Ignition can occur when cooking oils reach 600 degrees, but a burner set on high can easily reach 1,000 degrees.
- In the first 30 seconds, fire can spread via oily spatters and coatings on utensils and surfaces and set afire flammable items like food packaging, paper towels or tea towels, for example. Already, smoke is an issue as it may contain toxic gases.
- Within the first minute, as more flammable items ignite and the fire spreads, a mix of hot gases and smoke will rise and expand. The gases typically contain poisonous chemicals like carbon monoxide and hydrogen cyanide.
- Within two minutes, heat from the fire will radiate temperatures of 190 degrees to surrounding areas. Meanwhile, the mix of gas and smoke will increase and begin expanding and rising up into other areas of the home.
- By three minutes, the upper layers of gases can reach temperatures of 400 degrees or more. As the fire burns, it heats building components and furnishings, releasing additional toxins like arsenic, lead, ammonia, hydrogen chloride and isocyanates. Temperatures become intense enough to cause objects to auto-ignite.
- By three-and-a-half minutes, temperatures can reach 1,100 degrees, and flashover can occur. As everything bursts into flames, the fire consumes oxygen and may “roll” or flare in search of more fuel. Flashover and the increase of flame may escalate temperatures to 1,400 degrees.
- Within four minutes, as it spreads to other rooms, the fire repeats the process to heat not only a room’s contents but also building components. As fire penetrates walls, floors and ceilings, it can travel via the home’s structural framework and systems.
- By five minutes, flashovers and auto-ignition can occur throughout the home. Temperatures reached thereafter may be sufficient to melt steel plates and collapse floors and roofs. Total structural collapse can result within six minutes of a house fire’s initial ignition.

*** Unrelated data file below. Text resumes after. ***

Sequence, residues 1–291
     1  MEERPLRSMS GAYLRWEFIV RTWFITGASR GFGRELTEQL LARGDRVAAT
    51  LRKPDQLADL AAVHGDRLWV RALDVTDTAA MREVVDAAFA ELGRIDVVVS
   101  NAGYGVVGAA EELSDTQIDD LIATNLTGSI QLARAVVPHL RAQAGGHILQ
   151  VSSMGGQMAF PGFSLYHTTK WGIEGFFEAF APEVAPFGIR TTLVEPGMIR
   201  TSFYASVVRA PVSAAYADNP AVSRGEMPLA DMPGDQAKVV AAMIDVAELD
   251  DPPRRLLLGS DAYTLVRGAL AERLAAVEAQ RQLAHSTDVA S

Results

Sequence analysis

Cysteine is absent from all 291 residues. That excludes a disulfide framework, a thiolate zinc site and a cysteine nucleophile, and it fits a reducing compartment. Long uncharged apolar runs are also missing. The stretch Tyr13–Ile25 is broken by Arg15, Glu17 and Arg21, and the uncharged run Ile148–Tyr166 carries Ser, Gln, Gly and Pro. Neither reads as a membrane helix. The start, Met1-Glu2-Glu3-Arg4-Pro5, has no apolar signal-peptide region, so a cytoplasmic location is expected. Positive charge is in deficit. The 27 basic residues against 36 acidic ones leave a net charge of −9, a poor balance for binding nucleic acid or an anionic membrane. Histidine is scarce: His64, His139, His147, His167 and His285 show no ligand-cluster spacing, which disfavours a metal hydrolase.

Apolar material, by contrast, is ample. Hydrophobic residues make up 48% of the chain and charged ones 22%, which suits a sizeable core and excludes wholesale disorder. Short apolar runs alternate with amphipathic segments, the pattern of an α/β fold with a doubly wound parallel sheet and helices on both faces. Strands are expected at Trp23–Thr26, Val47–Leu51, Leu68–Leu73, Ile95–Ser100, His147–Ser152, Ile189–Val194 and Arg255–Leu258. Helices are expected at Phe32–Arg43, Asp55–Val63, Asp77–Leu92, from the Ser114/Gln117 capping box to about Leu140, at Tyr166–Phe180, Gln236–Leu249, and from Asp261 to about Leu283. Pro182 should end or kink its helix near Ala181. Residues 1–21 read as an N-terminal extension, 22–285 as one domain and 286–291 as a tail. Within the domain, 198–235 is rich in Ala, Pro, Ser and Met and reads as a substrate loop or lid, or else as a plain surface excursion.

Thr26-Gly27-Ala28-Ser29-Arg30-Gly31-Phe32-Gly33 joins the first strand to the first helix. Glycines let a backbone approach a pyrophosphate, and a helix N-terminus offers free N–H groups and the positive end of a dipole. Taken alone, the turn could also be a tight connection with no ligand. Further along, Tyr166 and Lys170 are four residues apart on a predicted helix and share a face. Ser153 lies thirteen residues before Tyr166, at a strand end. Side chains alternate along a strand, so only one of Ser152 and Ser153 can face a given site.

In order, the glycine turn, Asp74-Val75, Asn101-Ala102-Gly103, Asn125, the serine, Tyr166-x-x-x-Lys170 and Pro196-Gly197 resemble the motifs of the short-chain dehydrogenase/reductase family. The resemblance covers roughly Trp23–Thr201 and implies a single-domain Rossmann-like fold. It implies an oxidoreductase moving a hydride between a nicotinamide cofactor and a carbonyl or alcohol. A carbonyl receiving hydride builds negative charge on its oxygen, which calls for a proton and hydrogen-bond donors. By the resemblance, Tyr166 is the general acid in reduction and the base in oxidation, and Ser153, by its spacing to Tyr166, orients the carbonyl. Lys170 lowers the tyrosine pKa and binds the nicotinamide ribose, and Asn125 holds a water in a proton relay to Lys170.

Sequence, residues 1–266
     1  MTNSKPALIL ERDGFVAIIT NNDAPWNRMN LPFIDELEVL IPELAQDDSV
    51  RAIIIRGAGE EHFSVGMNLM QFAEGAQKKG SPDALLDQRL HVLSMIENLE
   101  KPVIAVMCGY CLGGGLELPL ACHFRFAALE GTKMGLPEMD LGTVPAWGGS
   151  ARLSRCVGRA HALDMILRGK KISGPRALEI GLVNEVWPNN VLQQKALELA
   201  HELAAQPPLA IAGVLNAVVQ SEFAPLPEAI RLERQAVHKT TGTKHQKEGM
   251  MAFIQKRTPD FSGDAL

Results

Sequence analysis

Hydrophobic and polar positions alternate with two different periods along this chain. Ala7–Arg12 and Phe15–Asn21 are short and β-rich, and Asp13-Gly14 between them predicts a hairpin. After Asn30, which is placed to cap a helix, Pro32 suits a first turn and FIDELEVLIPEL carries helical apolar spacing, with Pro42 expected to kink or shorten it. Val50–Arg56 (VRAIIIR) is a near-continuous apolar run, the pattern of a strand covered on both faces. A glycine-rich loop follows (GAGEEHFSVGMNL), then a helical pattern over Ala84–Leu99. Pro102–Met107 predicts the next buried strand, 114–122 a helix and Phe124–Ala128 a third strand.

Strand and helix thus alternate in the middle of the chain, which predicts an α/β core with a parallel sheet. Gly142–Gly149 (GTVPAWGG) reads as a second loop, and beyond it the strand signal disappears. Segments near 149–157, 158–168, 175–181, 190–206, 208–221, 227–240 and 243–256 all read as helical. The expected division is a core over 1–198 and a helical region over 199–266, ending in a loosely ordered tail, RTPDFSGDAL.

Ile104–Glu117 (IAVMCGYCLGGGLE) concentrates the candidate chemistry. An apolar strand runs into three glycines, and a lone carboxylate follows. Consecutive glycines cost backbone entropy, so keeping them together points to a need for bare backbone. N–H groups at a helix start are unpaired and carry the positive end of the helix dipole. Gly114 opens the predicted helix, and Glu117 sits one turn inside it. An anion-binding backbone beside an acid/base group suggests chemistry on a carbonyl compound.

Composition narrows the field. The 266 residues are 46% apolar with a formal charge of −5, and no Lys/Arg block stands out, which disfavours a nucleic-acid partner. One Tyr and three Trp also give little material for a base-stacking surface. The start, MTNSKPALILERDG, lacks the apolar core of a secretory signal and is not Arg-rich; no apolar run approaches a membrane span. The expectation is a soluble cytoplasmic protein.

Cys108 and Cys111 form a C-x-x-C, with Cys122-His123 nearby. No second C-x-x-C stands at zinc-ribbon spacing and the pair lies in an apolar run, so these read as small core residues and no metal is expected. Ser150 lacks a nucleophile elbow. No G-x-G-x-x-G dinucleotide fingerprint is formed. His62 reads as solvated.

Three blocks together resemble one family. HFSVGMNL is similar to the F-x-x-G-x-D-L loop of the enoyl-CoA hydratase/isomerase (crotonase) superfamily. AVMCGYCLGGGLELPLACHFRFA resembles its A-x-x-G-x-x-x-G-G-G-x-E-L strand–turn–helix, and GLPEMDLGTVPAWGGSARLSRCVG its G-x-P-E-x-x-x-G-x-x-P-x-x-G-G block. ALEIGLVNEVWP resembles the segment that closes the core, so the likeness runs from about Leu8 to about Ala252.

Fire is more than flame. It brings with it sustained extremes of intense temperatures, rapidly shifting pressures, poisonous vapor and smoke damage, and both visible destruction and less apparent compromise.
Dangers of a Home Fire
The takeaway is that fire touches everything even if the actual flames did not. So, even a limited ignition can present health hazards and have the potential to compromise a home’s structural integrity as well as its mechanical and electrical systems. A home touched by fire can be a dangerous place in ways that are not immediately obvious.
- Glass from windows and home décor often shatter. Broken glass may be not only sharp and in unexpected places but also coated in chemicals released during the fire.
- Embers may linger in compartmentalized void spaces—inside walls, beneath floors or in ceilings, for example—only to resume burning later.
- Building components and structural features may appear relatively undamaged but be severely weakened by thermal stress.
- Electrical and mechanical home systems may be damaged and may no longer be safe or fully functional.
- Utility hookups may no longer be safe or secure.
- Smoke damage and accompanying chemical-laden gases can permeate furnishings and areas of a home otherwise untouched by flames.
- Materials affected by heat will continue to off-gas toxins long after flames are extinguished.
In addition, fire departments often open walls or even roofs to help slow a fire and disperse smoke and fumes. Even extinguished areas may suffer extensive water damage and mold or be contaminated by toxic chemicals and precipitate.